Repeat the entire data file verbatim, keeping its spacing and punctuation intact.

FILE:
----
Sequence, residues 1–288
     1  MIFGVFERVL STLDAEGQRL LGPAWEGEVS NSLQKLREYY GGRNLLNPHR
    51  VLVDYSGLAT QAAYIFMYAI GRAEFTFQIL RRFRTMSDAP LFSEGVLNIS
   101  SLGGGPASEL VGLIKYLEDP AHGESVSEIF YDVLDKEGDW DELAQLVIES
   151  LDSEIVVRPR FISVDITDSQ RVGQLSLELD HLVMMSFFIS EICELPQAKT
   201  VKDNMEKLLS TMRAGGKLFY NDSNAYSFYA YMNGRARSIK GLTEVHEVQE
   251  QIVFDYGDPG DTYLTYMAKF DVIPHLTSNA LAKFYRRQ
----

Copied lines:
Sequence, residues 1–288
     1  MIFGVFERVL STLDAEGQRL LGPAWEGEVS NSLQKLREYY GGRNLLNPHR
    51  VLVDYSGLAT QAAYIFMYAI GRAEFTFQIL RRFRTMSDAP LFSEGVLNIS
   101  SLGGGPASEL VGLIKYLEDP AHGESVSEIF YDVLDKEGDW DELAQLVIES
   151  LDSEIVVRPR FISVDITDSQ RVGQLSLELD HLVMMSFFIS EICELPQAKT
   201  VKDNMEKLLS TMRAGGKLFY NDSNAYSFYA YMNGRARSIK GLTEVHEVQE
   251  QIVFDYGDPG DTYLTYMAKF DVIPHLTSNA LAKFYRRQ